Pubdate: Mon, 4 Oct 2010
Source: Bakersfield Californian, The (CA)
Copyright: 2010 Matthew Pytlak
Author: Matthew Pytlak


In its recent editorial on Proposition 19 ("No on Prop. 19: Pot
initiative's issues too hazy," Sept. 28), The Californian was worried
about the fact the taxation of cannabis wasn't written into the
measure. Then, the editorial went on to say that the taxes would be
too high to close the black market. So which is it? Does the
proposition not implement taxes or does it implement too many taxes?

Anyone who has read the proposition knows that it allows cities and
counties to set regulations (including tax rates). Since when is local
control a bad thing?

Concerns about a "surge in DUIs" were also bandied about. This
argument was also made when Proposition 215, authorizing medical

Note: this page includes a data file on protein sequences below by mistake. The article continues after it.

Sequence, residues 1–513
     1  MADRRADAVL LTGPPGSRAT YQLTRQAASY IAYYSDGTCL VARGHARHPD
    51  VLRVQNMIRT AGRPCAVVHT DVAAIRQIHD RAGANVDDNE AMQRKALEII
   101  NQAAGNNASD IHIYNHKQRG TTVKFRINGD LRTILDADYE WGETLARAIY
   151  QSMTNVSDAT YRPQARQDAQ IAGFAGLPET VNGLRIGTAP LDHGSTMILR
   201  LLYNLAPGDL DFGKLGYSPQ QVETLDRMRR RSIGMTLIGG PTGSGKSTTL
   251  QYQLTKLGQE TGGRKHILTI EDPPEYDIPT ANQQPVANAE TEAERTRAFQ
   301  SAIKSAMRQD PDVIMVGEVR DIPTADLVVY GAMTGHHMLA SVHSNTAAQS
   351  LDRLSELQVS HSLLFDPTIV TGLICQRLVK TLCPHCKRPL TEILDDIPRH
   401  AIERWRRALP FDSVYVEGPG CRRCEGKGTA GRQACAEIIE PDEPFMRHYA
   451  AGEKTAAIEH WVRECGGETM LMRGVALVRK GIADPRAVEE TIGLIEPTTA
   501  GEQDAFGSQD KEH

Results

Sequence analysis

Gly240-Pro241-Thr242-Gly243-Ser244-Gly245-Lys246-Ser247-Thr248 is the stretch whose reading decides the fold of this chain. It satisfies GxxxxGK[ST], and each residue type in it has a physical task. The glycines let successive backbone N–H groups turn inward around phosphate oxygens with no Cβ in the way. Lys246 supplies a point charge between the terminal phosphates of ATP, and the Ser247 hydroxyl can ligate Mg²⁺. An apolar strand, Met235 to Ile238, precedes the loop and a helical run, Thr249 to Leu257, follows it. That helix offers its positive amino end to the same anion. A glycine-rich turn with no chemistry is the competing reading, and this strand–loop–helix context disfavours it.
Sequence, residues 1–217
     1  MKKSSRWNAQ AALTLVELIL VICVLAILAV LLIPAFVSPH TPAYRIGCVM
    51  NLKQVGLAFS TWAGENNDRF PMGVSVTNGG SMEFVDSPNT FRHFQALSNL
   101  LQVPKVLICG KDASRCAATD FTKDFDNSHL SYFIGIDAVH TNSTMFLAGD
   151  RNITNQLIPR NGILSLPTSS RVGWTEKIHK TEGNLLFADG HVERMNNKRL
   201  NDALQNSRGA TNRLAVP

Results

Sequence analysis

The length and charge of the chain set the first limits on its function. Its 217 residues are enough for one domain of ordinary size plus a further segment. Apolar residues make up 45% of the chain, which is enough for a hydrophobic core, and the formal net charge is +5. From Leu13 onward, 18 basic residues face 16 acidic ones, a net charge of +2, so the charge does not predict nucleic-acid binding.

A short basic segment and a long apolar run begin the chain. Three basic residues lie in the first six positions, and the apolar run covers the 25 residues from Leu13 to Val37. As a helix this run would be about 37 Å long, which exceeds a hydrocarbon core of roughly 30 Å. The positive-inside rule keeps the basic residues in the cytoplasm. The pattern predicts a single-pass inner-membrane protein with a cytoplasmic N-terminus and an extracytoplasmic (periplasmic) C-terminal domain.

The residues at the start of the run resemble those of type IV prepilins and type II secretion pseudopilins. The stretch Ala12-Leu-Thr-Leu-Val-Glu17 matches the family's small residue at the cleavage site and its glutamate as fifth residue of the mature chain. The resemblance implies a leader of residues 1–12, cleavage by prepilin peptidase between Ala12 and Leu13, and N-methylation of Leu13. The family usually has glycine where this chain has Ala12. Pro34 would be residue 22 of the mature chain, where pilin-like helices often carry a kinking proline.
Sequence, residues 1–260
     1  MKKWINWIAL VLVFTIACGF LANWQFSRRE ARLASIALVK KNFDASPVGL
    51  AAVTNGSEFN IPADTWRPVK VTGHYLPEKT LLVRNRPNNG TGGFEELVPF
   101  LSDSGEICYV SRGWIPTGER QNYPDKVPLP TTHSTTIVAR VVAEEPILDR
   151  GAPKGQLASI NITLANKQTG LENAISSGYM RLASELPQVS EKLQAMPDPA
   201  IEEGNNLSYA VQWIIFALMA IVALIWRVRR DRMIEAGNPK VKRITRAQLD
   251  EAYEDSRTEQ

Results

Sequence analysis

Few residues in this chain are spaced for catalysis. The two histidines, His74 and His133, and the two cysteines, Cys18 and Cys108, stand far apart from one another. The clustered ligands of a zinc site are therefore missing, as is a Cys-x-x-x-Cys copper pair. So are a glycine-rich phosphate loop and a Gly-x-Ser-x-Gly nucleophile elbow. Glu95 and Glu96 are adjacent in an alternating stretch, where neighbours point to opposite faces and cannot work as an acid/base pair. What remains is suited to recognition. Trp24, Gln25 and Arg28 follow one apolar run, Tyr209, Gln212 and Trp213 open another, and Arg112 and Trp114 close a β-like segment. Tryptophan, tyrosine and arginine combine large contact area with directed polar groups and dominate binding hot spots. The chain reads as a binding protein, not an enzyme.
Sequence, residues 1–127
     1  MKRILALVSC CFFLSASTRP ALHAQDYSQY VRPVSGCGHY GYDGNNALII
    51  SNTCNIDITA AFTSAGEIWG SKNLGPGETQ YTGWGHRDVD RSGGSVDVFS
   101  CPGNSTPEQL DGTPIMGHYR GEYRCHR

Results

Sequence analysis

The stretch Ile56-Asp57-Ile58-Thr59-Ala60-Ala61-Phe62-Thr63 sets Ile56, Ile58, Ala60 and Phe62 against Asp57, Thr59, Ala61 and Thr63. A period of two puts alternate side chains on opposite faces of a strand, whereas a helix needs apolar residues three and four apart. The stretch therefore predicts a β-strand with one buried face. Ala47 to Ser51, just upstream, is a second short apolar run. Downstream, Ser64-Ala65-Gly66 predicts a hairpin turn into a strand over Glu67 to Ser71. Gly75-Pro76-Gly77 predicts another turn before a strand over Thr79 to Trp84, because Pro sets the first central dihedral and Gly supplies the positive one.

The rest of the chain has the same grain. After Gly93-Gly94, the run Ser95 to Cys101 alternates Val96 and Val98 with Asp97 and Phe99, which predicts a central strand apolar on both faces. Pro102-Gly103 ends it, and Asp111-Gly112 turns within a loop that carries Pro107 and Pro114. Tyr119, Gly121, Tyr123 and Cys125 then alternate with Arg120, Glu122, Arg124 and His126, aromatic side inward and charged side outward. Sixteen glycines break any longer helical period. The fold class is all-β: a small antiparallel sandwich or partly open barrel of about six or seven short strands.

cannabis, was on the ballot. Since Prop. 215 was passed, DUIs have
actually gone down in California. Many more people drive while
intoxicated by alcohol, but I don't see the newspaper advocating a
return to alcohol prohibition.

There is a reason we ended alcohol prohibition; the violence caused by
gangs seeking to control an illegal market was much worse than the
harm caused by the use of alcohol. We don't have our cops busting
bootleggers and moonshiners and we don't have wine cartels growing
grapes in our national forests.

California is wasting hundreds of millions of dollars by arresting and
imprisoning people for producing and using a substance that is
demonstrably less harmful than alcohol. It is time to end this failed
policy. Vote yes on Prop. 19.

Matthew Pytlak

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MAP posted-by: Richard Lake